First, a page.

In order to transfer files to and from the supercomputer (OzSTAR), a ssh-based file transfer utility is required. There are a variety of Options that you can use.
|Mac||“scp” (secure copy) command can be used via the terminal or use Cyberduck as a GUI alternative|
|Linux||“scp” (secure copy) command _ can be used via the terminal|
|Windows||The recommended software is WinSCP|
Copying a file or directory via SSH¶
The simplest way to copy a file to or from the supercomputer is to use the
In the following examples, we assume an
ozstar alias set to
Copying a local file to the OzSTAR supercomputer:
scp ./file.txt ozstar:destination/path/
You can also copy a file from the supercomputer to your local machine (e.g. download) as follows:
scp ozstar:path/to/file.txt .
Copy a directory and its content is done by using the
scp -r path/to/copy/ ozstar:destination/path/
The above command will initiate a connection from your local environment to OzSTAR directly.
Transferring a large number of small files¶
Transferring lots of small files can take a long time with
scp due to the overhead of copying each file individually. Instead, it is advised to package your files into a single
tar file using the tar command to significantly reduce the transfer time. This is done by create a tar archive, copying it using
scp, and finally
untar it to retrieve your individual files.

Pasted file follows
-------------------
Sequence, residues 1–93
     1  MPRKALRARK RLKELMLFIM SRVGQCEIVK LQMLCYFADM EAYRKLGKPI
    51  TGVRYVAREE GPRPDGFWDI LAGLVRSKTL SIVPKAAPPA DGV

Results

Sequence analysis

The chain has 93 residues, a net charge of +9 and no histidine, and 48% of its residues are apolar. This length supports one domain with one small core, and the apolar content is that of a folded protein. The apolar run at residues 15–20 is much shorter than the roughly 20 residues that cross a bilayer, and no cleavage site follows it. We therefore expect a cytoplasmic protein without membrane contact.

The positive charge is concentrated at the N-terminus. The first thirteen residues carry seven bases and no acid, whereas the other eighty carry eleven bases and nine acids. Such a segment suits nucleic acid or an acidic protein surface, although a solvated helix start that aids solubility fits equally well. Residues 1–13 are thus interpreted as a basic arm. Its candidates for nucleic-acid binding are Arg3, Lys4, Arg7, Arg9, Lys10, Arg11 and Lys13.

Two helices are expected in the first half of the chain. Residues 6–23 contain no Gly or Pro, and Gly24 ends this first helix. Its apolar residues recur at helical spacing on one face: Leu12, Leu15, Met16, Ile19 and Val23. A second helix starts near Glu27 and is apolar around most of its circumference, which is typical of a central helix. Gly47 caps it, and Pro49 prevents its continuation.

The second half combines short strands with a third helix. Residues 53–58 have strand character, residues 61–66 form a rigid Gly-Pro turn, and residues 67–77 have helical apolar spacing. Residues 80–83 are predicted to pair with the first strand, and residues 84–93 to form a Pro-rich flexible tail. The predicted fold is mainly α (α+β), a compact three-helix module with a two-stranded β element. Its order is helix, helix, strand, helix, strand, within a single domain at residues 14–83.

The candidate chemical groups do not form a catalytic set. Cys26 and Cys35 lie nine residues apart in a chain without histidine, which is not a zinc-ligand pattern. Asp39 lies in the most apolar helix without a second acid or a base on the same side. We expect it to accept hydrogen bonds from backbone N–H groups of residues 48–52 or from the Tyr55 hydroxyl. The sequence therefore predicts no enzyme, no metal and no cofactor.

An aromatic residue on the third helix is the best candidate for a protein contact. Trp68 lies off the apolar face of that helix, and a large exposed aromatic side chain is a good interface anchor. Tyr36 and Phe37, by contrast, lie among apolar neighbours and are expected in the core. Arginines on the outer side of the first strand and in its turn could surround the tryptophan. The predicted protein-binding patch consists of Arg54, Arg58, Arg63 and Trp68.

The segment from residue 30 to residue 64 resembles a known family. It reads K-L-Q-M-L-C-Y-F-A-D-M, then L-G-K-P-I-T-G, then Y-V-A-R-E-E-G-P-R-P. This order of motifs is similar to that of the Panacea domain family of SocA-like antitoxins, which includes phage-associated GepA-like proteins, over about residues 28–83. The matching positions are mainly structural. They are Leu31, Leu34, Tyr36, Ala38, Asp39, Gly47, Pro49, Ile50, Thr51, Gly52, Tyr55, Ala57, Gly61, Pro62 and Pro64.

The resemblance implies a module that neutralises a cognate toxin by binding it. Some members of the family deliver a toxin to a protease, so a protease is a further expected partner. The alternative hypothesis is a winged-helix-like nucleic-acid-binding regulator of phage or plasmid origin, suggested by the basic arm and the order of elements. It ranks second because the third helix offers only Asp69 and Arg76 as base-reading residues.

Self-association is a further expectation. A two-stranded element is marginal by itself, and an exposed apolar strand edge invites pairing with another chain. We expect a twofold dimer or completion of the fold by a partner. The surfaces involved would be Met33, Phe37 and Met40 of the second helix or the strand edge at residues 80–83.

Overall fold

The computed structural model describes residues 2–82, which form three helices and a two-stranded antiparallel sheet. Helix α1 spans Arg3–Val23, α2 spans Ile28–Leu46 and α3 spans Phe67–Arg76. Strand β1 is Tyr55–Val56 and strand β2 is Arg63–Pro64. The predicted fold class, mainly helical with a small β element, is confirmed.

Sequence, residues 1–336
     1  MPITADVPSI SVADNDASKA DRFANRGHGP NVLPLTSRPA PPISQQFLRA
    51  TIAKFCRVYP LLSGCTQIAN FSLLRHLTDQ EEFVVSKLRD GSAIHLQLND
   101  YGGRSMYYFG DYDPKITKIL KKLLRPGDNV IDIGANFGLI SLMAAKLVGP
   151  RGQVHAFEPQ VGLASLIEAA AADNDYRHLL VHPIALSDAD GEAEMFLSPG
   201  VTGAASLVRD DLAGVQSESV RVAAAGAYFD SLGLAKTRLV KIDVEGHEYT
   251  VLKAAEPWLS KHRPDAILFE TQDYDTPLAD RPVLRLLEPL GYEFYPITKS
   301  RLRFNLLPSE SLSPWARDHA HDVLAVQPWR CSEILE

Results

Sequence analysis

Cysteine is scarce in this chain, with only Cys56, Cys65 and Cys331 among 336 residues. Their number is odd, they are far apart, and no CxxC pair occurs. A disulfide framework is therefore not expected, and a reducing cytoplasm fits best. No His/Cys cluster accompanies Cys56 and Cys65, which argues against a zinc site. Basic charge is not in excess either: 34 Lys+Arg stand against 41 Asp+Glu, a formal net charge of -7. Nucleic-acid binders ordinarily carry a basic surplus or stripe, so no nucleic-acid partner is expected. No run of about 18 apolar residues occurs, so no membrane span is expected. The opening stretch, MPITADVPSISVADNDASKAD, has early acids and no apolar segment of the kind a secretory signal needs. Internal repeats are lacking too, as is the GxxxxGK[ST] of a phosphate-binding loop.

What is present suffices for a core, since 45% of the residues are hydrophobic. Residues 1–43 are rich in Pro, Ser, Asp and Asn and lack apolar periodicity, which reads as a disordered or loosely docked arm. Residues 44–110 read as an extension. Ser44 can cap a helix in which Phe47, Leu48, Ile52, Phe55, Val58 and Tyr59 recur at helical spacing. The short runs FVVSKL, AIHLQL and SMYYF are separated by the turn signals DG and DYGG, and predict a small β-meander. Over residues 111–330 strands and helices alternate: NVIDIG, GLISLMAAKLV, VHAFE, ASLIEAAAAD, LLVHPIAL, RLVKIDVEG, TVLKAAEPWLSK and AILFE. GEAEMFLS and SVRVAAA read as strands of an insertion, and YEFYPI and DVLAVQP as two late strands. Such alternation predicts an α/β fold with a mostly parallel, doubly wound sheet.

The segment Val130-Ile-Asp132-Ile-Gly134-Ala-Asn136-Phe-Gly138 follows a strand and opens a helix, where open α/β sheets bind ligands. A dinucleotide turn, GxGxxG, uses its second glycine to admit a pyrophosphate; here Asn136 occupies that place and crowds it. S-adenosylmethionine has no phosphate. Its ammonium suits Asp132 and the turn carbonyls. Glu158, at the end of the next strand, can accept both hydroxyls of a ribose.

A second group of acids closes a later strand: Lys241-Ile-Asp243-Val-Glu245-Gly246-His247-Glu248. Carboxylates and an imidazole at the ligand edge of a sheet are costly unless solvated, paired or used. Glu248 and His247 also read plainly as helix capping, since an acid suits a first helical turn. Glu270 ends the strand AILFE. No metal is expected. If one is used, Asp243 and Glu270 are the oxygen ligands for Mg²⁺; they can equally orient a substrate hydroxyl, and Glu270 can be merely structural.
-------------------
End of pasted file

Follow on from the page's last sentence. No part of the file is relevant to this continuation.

The best way to transfer code from one computer to another is to host the code in a source code repository using a versioning system such as git or mercurial and clone the repository from your local computer, or a cloud service (e.g. bitbucket, github, ...), to the supercomputer.
Resuming interrupted transfers¶
If a transfer is interrupted, you might end up with part of the files being transferred. Rather than restarting the transfer from scratch, you should then use the rsync command. The rsync command will compare the source and destination directories and only transfer what needs to be transferred (missing files, modified files, etc.)
rsync -va ./source_dir ozstar:destination/path
Make sure not to leave trailing slashes in your path names (e.g.
destination/path rather than
destination/path/); else you will have a full copy of the directory inside the existing, partial, one. Use the
-n (dry-run) option of
rsync to check what will happen before you run the actual command.
If one large file is left partially transferred, you can resume it using the
Synchronising with a local directory¶
If you want to keep two directories (one on your local computer, and one on the supercomputer) in sync, you can do that with rsync using its
--delete option. But that is only one-way so you need to really think in what direction you do it, and it does not scale beyond two synchronized directory trees.
Another potential option is to use Unison, a piece of software that can detect and handle conflicts (incompatible changes made to the same file in the two directories that must be kept in sync.)
Please note that the supercomputer is NOT a place to use as a backup for your laptop or workstation's holiday snaps and emails.